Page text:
Defense: Blatche has great instincts around the basket and when playing the passing lanes, which enables him to pick up steals and blocks. Blatche relies a little too much on his length and athleticism to defend, which really hurts his defense against wings and centers. Blatche doesn't have the body weight to play strong, physical bigs in the post so he relies on giving ground and trying to time the shot. He's easily backed down and susceptible to fakes. Out on the perimeter Blatche stands too far upright and gives his man too much space. He needs to use his length better on the perimeter by crowding his man and creating a wide base, because he's too long to cut off drivers consistently.

Caron Butler

Overview: The 10th pick in the 2002 draft. Came out after his sophomore year at Connecticut and had some problems establishing himself in the NBA until finally settling in with the Wizards. Most famous for being traded by Los Angeles for former 1st pick Kwame Brown. Butler made the All Star team in 2n and 3rd seasons with Washington. He is quickly becoming one of the pre-eminent small forwards in the game as a two-way threat.

Strengths: Butler's passing and shooting game have each improved substantially over the past few years and have been at their best this season. Butler's overall usage in the offense has increased, partly due to injuries to other teammates, but he's proven to be even more effective with an increased role. Butler has dramatically improved his perimeter game as well, increasing his 3 point accuracy and volume to the point where he is a viable threat, while still maintaining his trademark excellent mid-range jumper. Butler has developed his total floor game to the point where he is a threat to score anywhere on the floor, whether it be in the post, beyond the arc, or off the dribble. His ability to make plays with his passing gives Butler a complete ability to impact the team offense.

Defensively, Butlers size, strength and quickness make him a tough matchup for most small forwards to deal with. He denies dribble penetration very well and uses his body to good effect when trying to disrupt opponent's drives. He's active and aggressive with his hand and foot action on nights when he's feeling challenged, though he isn't 100 percent consistent with it against every player. Butler rarely gets posted by opposing small forwards and has the strength and aptitude to situationally defend some power forwards, which he does on occasion.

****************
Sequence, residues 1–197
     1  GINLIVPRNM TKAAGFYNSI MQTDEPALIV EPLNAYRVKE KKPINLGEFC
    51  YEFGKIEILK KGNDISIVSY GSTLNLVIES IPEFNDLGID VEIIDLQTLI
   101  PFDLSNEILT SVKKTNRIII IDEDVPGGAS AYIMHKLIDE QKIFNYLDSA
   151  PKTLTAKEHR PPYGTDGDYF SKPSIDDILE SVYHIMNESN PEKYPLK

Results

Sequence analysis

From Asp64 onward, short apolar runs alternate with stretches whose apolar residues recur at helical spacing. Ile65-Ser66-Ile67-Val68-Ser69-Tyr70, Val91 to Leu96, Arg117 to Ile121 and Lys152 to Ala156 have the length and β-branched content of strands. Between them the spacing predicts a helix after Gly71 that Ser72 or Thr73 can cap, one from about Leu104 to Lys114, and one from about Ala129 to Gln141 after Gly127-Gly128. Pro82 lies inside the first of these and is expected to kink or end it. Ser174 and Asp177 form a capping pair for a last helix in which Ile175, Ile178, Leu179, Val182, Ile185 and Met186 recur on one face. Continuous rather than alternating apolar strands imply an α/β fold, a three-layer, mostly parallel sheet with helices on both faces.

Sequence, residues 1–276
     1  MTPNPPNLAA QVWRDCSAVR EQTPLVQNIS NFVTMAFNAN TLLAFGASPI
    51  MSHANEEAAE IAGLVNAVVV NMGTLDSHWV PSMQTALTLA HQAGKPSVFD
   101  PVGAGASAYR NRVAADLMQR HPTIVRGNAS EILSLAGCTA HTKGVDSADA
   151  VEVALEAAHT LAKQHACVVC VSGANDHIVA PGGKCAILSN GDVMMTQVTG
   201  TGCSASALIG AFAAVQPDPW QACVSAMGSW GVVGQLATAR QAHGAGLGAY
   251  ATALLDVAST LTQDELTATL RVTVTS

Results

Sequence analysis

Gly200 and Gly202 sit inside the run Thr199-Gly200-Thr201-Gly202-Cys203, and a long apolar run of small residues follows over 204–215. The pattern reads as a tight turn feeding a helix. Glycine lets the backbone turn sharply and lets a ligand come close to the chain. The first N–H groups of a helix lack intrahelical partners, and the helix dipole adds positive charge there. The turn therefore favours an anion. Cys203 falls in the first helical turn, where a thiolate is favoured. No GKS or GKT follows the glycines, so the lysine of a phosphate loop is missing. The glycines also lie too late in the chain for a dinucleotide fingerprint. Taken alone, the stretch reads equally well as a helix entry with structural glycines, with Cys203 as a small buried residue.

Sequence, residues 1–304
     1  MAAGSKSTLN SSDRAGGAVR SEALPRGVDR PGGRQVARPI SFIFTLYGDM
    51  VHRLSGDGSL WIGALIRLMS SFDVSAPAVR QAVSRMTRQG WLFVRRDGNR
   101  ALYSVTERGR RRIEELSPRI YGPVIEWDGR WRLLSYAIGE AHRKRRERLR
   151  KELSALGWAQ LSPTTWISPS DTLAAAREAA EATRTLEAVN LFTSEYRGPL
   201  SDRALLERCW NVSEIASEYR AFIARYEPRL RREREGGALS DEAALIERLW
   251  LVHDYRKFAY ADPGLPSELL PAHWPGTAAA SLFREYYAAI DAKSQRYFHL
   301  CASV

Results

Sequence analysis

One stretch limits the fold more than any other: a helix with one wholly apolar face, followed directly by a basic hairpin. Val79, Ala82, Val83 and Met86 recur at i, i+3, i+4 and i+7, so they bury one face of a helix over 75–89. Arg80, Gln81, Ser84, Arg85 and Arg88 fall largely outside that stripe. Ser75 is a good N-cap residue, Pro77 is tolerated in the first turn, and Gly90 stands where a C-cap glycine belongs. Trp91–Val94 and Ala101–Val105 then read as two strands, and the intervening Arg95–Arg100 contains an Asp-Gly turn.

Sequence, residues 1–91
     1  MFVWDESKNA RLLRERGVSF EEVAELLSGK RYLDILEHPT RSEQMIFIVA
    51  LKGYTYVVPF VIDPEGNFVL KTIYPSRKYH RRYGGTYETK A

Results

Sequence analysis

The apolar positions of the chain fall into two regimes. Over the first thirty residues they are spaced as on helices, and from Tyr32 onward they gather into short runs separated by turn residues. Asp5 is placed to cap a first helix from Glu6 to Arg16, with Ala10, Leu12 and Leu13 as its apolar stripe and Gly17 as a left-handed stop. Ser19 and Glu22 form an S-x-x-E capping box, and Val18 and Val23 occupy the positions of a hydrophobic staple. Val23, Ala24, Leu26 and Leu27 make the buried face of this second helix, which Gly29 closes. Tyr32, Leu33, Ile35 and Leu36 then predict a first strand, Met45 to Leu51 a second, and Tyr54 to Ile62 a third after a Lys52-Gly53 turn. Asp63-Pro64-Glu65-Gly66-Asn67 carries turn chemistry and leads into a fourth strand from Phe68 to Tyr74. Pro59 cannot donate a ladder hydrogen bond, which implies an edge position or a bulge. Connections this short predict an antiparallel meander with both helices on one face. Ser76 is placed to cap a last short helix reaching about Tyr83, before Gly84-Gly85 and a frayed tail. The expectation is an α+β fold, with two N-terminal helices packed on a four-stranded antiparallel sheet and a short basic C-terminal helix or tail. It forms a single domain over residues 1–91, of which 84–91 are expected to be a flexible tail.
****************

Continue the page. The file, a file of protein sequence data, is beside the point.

Weaknesses: While Butler has improved his shooting efficiency, he's still not as consistent a threat from the perimeter as he needs to be in order to become a true superstar scorer. Surprisingly, Butler's pull-up game off the dribble is his most effective shot. Set shooting from mid-range and beyond the arc should be considered passable, but not his greatest strength. Opponents that protect the drive and challenge the one or two dribble jumper are making the smart play. Butler has a tendency to have some poor shooting games because he will take the shots given to him from the perimeter even if he's not on that night. Its Butler's role in the offense to be aggressive with his shooting, so an improved non-dribble ISO game would really ratchet up his game.

Defensively, there isn't a lot that Butler can't do, especially at the wing, where he is effective against both positions. The main problem Butler has is consistently focusing on shutting down his man nightly. Butler's overall floor stats on the defensive side of the ball are rather pedestrian overall. When Butler is focused on a key matchup he can be tenacious, but it isn't always the case. The fact that wing counterpart DeShawn Stevenson typically takes the best opposing wing also feeds into this as Butler will sometimes range around more on defense as a help man and allow some easier off-ball scoring from his primary assignment. It should be noted that Washington's interior defense is more limited with interior help when Antawn Jamison is manning the 4, so team defense also contributes to the problem.

Antonio Daniels